The Mormon Question: Polygamy and Constitutional Conflict... and over one million other books are available for Amazon Kindle. Learn more

Sorry, this item is not available in
Image not available for
Color:
Image not available

To view this video download Flash Player

 


or
Sign in to turn on 1-Click ordering
More Buying Choices
Have one to sell? Sell yours here
Start reading The Mormon Question on your Kindle in under a minute.

Don't have a Kindle? Get your Kindle here, or download a FREE Kindle Reading App.

The Mormon Question: Polygamy and Constitutional Conflict in Nineteenth-Century America [Hardcover]

Sarah Barringer Gordon
5.0 out of 5 stars  See all reviews (3 customer reviews)

Price: $77.95 & FREE Shipping. Details
o o o o o o o o o o o o o o o o o o o o o o o o o o o o o o o o o o o o o o o o o o o o o o o o o o o o o o o o o o o o o o o o
Only 4 left in stock (more on the way).
Ships from and sold by Amazon.com. Gift-wrap available.
Want it Monday, July 14? Choose One-Day Shipping at checkout. Details
Free Two-Day Shipping for College Students with Amazon Student

Formats

Amazon Price New from Used from
Kindle Edition $16.99  
Hardcover $77.95  
Paperback $26.66  

Book Description

January 21, 2002 0807826618 978-0807826614
From the Mormon Church's public announcement of its sanction of polygamy in 1852 until its formal decision to abandon the practice in 1890, people on both sides of the "Mormon question" debated central questions of constitutional law. Did principles of religious freedom and local self-government protect Mormons' claim to a distinct, religiously based legal order? Or was polygamy, as its opponents claimed, a new form of slavery--this time for white women in Utah? And did constitutional principles dictate that democracy and true liberty were founded on separation of church and state?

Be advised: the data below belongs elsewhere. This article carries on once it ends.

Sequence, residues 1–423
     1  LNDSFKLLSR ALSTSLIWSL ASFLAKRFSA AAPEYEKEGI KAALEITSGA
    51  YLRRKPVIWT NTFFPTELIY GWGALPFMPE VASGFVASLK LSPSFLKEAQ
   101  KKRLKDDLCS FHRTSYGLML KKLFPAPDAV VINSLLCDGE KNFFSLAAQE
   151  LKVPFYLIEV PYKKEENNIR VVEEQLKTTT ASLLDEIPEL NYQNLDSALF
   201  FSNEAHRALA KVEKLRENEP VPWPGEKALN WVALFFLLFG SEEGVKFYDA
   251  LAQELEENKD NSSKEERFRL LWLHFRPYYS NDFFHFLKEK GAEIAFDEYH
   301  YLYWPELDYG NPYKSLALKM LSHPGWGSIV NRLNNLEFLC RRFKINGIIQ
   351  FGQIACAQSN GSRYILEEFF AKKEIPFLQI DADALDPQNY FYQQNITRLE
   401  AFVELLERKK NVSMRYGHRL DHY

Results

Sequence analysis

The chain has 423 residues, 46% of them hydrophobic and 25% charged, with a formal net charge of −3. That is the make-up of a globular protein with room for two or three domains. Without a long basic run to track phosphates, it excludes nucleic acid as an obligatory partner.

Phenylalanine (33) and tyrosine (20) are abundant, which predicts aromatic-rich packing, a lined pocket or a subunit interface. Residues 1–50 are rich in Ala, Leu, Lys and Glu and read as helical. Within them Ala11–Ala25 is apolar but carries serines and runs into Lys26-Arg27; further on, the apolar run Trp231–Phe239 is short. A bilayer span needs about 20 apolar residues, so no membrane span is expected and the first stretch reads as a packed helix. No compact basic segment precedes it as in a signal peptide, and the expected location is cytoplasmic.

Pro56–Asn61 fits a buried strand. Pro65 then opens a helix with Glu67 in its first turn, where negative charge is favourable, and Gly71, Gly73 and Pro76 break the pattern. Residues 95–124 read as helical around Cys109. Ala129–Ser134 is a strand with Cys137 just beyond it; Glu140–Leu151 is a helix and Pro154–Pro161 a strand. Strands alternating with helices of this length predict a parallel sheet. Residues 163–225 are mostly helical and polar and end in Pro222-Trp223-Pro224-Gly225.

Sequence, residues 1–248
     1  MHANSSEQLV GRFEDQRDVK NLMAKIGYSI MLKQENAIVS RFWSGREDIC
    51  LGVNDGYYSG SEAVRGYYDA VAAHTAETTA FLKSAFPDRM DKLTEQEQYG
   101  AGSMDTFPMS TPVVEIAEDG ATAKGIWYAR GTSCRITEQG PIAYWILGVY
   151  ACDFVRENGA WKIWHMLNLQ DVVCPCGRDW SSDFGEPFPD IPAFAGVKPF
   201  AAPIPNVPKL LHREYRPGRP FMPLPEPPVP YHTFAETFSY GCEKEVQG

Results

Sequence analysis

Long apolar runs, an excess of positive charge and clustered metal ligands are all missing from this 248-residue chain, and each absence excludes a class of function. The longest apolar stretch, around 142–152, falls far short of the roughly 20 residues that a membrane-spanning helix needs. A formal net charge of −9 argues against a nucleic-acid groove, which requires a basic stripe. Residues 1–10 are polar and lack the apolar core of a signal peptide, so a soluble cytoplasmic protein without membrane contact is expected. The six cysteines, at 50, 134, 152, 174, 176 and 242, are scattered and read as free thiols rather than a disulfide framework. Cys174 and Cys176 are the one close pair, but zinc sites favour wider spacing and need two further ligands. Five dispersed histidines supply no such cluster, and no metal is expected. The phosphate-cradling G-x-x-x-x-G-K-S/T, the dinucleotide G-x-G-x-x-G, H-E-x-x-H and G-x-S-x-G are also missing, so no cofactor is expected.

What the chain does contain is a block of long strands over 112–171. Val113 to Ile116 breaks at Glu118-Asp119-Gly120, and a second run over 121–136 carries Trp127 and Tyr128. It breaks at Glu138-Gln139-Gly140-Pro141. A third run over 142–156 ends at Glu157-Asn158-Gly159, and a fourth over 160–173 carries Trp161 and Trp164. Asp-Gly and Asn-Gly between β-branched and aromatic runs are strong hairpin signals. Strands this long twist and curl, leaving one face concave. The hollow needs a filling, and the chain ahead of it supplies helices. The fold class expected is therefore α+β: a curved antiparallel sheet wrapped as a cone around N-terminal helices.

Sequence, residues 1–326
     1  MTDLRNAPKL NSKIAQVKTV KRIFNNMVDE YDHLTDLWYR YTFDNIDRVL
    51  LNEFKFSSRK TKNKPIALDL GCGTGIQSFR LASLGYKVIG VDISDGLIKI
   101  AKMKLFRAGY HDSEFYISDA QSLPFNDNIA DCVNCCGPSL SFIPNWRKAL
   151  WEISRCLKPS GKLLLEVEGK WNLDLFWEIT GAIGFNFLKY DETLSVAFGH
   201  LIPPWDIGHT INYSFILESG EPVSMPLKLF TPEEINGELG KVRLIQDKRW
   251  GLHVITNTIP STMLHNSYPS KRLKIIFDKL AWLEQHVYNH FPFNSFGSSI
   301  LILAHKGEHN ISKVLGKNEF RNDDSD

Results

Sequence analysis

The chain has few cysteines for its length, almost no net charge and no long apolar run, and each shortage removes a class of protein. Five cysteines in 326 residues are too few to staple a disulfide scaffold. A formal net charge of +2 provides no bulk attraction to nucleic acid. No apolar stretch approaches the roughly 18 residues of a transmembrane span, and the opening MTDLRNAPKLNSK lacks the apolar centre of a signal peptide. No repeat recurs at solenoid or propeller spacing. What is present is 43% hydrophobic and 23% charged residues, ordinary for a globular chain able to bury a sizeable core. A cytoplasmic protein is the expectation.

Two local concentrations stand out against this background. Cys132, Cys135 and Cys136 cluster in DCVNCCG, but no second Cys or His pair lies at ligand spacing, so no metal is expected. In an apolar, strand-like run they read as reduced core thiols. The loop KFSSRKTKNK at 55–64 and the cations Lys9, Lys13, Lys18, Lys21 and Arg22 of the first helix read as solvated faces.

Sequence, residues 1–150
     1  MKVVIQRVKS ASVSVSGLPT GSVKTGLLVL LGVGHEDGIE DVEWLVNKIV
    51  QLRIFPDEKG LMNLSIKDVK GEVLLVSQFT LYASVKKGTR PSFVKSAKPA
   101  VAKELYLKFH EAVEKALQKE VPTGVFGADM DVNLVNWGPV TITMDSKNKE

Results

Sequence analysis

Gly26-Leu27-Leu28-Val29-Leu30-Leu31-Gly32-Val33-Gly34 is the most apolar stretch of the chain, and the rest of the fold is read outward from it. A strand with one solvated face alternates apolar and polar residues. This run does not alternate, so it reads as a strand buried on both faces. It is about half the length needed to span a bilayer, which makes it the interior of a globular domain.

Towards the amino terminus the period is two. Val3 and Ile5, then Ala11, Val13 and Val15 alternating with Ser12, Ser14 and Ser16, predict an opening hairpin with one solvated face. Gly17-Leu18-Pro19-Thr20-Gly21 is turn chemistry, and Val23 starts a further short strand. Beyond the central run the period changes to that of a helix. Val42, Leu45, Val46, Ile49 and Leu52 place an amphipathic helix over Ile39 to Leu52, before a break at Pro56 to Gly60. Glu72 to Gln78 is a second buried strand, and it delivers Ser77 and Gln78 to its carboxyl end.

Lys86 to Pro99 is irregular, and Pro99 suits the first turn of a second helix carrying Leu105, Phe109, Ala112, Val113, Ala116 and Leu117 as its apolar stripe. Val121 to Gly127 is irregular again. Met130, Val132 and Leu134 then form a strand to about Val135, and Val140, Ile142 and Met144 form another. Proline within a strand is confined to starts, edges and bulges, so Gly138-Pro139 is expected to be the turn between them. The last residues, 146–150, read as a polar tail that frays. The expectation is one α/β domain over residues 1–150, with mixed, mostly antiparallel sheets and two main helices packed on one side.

As Sarah Barringer Gordon shows, the answers to these questions finally yielded an apparent victory for antipolygamists in the late nineteenth century, but only after decades of argument, litigation, and open conflict. Victory came at a price; as attention and national resources poured into Utah in the late 1870s and 1880s, antipolygamists turned more and more to coercion and punishment in the name of freedom. They also left a legacy in constitutional law and political theory that still governs our treatment of religious life: Americans are free to believe, but they may well not be free to act on their beliefs.